According to an article in the Dallas Morning News, the national unemployment rate rose to 9.5 percent as employees suffered 298,000 job losses in August. But increased job losses and high unemployment hasn't stopped many companies from enjoying higher productivity.
The article said:
"... U.S. worker productivity rose in the second quarter at the fastest pace in almost six years as companies squeezed more out of remaining staff to boost profits. Productivity, a measure of employee output per hour, rose at a 6.6 percent annual rate, the most since the third quarter of 2003, revised figures from the Labor Department showed today in Washington. Labor costs fell by the most in nine years."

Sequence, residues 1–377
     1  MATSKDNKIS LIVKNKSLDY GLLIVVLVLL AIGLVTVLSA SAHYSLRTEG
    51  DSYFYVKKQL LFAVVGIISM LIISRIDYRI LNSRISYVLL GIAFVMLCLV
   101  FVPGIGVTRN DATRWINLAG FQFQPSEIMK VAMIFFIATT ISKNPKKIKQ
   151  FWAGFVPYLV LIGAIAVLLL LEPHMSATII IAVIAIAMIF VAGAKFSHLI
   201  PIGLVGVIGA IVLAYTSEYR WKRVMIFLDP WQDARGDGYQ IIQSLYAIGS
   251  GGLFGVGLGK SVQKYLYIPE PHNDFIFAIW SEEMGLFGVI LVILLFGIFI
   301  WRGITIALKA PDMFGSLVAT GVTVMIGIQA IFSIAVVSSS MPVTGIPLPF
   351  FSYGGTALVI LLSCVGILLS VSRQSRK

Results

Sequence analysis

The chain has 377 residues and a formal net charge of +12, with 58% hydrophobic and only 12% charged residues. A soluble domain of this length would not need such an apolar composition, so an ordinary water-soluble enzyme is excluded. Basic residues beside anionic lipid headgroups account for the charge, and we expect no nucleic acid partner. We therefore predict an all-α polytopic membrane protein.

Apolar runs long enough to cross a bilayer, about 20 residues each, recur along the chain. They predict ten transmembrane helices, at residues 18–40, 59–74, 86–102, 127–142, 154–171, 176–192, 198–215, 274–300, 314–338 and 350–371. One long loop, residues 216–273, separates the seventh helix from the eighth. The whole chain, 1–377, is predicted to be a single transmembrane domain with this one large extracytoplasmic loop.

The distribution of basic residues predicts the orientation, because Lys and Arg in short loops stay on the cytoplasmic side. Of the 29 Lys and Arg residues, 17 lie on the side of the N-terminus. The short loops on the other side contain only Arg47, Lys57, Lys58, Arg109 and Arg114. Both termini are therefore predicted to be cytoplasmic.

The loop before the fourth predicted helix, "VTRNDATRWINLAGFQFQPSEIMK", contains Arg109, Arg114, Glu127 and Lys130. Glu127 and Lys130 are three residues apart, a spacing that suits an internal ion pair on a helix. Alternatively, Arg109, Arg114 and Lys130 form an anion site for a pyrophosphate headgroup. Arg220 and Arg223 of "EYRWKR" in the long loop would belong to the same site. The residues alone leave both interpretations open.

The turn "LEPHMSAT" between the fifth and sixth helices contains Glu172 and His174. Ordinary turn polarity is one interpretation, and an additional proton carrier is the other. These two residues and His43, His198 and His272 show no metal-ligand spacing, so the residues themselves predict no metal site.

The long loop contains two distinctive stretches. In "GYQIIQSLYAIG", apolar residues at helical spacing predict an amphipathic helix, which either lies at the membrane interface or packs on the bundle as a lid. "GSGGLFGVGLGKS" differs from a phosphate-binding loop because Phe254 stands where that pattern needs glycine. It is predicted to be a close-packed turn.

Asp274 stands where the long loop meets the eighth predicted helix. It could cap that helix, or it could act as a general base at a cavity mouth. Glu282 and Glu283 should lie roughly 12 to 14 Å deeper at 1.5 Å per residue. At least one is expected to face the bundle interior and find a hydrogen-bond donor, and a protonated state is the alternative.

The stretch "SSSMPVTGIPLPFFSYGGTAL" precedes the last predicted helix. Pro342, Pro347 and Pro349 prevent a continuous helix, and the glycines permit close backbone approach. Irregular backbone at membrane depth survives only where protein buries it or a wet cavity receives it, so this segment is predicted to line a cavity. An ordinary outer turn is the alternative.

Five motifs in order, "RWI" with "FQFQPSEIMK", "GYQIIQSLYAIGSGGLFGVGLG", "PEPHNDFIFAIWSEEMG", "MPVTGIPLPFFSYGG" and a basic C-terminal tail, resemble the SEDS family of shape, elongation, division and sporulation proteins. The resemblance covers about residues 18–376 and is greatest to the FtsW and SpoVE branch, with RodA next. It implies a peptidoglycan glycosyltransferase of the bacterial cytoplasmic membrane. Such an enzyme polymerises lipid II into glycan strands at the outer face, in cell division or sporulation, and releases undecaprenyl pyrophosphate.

The bottom-line is that companies are now getting more for their labor costs, but at what price to the worker? Many Americans have succumb to foreclosure
due to job losses and many who have not faced a job loss (yet) are finding that their take-home pay is reduced as a part of some companies' efforts to avoid job losses. Many workers are finding that even after taking part in job loss prevention programs such as reduced pay, work shares and furloughs, they still end up in the unemployment line because the changes are not sustainable.
And depending on how long a worker has been working at a reduced salary, he/she may find that their unemployment benefits have also been reduced. Before accepting a reduced salary or other "job loss prevention" arrangements, make sure such arrangements are not detrimental to your financial well-being.